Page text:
Opioid Initiative

student with pills Opioid use disorder is complex and requires multifaceted solutions with two goals: identify and help individuals who are currently facing opioid use disorder; and implement prevention strategies to reverse the alarming trends. Both the downstream turbulence and upstream opportunities must be addressed. There is no single action or policy change that will suddenly halt and reverse this crisis. Research and changes to both practice and policy are important strategies currently being implemented by Missouri hospitals, providers and other key partners.

An Ounce of Prevention for Mothers and Newborns: Reducing In-Utero Opioid Exposure in Missouri

 Policy Brief Neonatal Abstinence Syndrome

This policy brief is aimed at quantifying the incidence of Neonatal Abstinence Syndrome in Missouri using both conventional and novel surveillance techniques, and proposing a Medicaid policy-centered interventional approach aimed at reducing the number of infants born with opioid withdrawal in Missouri through a 1115 waiver that would expand coverage for substance use disorder treatment to low-income women of child-bearing age.

The brief evaluates rates of NAS in Missouri using traditional diagnostic coding methods, linkages of new and expectant mothers to hospital visits for opioid misuse, and a survey that was administered to Missouri’s 70 hospitals with labor and delivery services to generate first-hand data on the severity of NAS. The brief also provides a cost-effectiveness analysis of the proposed policy intervention for both state and federal Medicaid outlays.

News Release

Policy Brief


Opioid Prescriber-Accountability Initiative

Beginning March 1, 2018, the Department of Social Services, the Department of Mental Health, and the Department of Health and Senior Services will begin enforcing national standards for prescribing opioids to chronic pain patients. The departments are working to bring MO HealthNet providers who aren't following Centers for Disease Control and prevention guidelines into compliance when it comes to opioid prescriptions. Providers will need to respond to the Missouri Medicaid Audit and Compliance Unit with clinical data justifying the prescription history or a plan for modification to comply with the MO HealthNet standard.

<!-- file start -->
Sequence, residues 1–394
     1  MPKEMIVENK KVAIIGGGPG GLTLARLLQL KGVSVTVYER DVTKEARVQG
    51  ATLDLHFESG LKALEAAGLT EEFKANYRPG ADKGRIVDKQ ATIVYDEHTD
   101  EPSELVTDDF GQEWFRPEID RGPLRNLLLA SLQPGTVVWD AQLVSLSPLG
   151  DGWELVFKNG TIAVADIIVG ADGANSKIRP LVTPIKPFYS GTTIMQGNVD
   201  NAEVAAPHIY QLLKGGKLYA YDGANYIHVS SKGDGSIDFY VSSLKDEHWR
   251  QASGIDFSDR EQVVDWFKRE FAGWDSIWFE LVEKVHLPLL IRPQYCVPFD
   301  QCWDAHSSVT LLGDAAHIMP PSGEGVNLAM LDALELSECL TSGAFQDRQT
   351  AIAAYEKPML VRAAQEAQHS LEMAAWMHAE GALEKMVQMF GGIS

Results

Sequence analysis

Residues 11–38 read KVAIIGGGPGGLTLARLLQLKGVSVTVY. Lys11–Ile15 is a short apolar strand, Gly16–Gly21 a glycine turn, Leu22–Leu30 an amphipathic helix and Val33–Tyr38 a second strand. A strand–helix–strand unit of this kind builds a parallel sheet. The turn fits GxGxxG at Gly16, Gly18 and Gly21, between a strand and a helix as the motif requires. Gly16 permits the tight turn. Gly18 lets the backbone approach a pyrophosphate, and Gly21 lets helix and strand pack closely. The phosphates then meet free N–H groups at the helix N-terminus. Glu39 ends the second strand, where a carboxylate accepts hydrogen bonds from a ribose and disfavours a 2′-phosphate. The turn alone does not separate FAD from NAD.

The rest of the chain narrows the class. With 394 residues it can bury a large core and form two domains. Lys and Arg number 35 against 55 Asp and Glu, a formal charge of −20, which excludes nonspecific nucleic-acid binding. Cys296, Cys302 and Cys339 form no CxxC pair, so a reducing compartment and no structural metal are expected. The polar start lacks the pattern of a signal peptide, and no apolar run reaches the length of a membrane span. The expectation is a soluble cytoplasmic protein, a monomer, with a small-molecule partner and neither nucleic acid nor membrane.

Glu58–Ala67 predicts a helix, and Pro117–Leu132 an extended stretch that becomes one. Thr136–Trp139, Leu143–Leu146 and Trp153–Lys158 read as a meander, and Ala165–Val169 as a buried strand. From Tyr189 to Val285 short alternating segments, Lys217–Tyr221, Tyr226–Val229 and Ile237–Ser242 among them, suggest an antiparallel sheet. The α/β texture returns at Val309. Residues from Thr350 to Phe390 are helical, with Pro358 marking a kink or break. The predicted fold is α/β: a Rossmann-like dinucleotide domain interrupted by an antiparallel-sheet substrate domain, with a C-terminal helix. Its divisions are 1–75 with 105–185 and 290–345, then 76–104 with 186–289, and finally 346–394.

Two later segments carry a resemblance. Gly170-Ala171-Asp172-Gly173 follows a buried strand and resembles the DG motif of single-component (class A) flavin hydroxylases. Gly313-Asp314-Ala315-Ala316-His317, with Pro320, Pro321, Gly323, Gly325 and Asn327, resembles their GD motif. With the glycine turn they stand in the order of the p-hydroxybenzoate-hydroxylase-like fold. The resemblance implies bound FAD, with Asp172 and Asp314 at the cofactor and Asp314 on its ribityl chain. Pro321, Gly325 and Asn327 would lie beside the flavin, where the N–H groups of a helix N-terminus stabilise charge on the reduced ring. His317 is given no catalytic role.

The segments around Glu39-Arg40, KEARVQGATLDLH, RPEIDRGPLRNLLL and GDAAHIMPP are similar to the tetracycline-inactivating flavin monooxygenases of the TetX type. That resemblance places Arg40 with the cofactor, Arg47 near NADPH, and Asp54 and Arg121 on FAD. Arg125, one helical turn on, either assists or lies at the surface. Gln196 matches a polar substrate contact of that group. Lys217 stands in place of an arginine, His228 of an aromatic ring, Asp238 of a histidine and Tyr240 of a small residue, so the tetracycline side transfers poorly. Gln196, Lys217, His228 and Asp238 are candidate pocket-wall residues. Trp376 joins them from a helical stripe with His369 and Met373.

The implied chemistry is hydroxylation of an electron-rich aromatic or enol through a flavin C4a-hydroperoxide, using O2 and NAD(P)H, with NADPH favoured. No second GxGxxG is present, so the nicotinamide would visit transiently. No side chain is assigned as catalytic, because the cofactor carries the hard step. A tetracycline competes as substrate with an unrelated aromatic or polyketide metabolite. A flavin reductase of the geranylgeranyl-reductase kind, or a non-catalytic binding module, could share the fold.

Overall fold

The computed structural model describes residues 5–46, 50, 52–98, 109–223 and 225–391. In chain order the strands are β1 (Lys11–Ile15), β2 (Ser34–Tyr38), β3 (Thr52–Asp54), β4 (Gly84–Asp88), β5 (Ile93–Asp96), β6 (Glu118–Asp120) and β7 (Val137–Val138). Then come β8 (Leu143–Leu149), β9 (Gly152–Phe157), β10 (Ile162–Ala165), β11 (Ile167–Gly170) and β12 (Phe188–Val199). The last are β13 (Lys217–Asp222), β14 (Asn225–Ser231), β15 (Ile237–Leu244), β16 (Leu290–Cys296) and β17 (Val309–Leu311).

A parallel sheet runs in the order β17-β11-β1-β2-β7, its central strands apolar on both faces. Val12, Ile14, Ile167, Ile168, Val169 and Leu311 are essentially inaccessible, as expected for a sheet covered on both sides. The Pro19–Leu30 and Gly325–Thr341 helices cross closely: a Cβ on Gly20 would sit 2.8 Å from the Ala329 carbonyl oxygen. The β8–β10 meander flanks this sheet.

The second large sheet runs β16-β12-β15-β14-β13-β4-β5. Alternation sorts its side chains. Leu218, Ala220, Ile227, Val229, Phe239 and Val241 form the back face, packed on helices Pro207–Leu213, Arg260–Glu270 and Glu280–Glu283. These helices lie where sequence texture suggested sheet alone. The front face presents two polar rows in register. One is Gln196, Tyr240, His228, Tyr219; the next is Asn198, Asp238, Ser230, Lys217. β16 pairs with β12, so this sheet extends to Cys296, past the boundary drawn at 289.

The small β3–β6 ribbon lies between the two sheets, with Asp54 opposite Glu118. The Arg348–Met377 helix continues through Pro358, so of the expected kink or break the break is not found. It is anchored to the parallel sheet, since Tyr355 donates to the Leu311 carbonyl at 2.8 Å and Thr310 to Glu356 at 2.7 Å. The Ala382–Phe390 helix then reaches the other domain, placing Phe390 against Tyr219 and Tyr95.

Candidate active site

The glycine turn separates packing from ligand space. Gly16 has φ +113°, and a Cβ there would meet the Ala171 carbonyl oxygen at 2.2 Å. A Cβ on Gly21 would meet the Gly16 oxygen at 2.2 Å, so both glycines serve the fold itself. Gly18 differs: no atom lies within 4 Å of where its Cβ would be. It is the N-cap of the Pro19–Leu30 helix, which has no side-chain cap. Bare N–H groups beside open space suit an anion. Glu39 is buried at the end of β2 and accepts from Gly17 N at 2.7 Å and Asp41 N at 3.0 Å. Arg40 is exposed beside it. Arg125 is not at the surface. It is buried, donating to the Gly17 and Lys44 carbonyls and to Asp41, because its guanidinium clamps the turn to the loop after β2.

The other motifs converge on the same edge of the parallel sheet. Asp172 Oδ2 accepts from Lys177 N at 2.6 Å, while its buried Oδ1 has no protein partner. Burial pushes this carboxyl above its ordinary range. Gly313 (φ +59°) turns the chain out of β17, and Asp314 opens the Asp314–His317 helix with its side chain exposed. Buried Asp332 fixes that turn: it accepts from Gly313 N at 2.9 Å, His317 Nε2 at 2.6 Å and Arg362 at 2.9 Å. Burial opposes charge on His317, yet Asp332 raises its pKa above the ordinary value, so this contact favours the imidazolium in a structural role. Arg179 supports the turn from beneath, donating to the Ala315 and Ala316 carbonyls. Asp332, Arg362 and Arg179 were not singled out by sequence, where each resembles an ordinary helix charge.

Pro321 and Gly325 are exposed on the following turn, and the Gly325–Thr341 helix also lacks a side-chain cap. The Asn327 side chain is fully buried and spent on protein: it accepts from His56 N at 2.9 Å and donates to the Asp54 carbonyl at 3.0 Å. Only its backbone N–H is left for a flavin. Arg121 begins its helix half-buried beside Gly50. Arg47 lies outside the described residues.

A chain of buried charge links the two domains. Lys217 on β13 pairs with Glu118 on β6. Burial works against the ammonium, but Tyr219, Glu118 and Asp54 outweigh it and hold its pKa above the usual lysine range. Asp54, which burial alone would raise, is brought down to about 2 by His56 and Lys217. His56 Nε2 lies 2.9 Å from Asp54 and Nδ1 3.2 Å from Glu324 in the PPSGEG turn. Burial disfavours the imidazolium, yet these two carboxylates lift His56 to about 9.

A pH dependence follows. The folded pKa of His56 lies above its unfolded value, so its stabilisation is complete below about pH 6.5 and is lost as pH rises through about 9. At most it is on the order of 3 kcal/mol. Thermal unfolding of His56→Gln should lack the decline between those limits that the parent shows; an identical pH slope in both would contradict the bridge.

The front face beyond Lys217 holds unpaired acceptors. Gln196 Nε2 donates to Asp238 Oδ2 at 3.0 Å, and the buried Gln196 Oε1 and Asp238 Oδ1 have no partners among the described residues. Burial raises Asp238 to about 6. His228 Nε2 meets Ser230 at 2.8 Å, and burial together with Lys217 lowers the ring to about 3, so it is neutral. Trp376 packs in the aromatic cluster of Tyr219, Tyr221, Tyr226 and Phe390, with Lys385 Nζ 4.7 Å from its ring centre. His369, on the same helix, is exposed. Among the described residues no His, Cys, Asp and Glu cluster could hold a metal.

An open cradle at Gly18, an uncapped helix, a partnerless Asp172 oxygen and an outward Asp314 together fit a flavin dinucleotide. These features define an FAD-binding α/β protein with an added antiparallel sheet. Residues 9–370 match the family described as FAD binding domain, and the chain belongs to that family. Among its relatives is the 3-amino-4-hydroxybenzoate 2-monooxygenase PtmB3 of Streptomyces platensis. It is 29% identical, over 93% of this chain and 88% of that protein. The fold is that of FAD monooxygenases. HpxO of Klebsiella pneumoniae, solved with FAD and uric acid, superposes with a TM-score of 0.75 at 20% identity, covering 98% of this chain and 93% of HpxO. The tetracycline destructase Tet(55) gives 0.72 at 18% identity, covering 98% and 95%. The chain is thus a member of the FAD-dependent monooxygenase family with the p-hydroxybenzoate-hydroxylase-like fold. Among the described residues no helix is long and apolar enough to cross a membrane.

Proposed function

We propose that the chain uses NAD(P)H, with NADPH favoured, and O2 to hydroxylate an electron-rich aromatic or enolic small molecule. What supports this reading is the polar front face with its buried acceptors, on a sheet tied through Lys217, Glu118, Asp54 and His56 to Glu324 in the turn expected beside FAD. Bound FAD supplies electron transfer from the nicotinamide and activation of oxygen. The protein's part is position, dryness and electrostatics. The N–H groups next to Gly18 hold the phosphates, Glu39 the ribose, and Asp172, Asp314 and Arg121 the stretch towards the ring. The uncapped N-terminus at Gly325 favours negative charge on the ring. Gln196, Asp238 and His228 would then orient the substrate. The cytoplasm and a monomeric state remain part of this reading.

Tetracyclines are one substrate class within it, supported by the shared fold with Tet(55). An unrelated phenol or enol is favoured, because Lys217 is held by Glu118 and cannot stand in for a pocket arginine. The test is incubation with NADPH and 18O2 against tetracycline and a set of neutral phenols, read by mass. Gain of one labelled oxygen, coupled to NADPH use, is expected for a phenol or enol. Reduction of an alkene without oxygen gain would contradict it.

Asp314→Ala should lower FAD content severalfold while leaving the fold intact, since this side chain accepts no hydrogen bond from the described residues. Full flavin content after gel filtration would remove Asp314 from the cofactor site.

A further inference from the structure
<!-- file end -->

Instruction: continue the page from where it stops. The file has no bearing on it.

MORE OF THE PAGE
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A Dangerous Intersection


Since 2001, the rate of opioid-related overdose deaths in Missouri has steadily increased. In 2010, drug overdose deaths surpassed motor vehicle-related deaths in Missouri, and between 2014 and 2016, there were 29 Missouri counties with more drug overdose than MVA deaths. This list accounts for 70 percent of the population and includes nine out of our 10 most populous counties. New research from MHA is available below.

News Release

Fact Sheet

Presentation: Video | PDF

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 MVA vs. Opioid

  • Research
  • Policy
  • Practice
  • Videos

MHA Board-Approved Policy | Opioid Use in Missouri: Strategy for Reduced Misuse and Abuse

Prescribing Guidelines | Opioid Policy Recommendations

MHA News Release | Opioid Prescribing Recommendations Endorsed by Six Health Care Provider Organizations

CDC Recommendations | The Centers for Disease Control and Prevention issued 12 recommendations for prescribing opioid medications for chronic pain, excluding cancer, palliative and end-of-life care. The CDC Guideline for Prescribing Opioids for Chronic Pain — United States, 2016, will help primary care providers ensure safe and effective treatment for their patients with chronic pain.

Opioid Initiative Videos

Evan Schwarz, MD

Best Practices for Treating Opioid Overdoses in the Emergency Department:
Dr. Evan Schwarz, Washington University emergency medicine physician at
Barnes-Jewish Hospital




The Opioid Epidemic’s Impact on Expectant Mothers & Babies:
Dr. Randy Tobler, Scotland County Hospital



Randall Williams
Opioid Overuse Reduction Strategies:
Dr. Randall Williams, Director, Missouri Department of Health & Senior Services



Darin HaugEmergency Department Opioid-Prescribing Guidelines Implementation:
Dr. Darin Haug



Sam PageThe Value Of A Prescription Drug Monitoring Program For Physicians:
Dr. Sam Page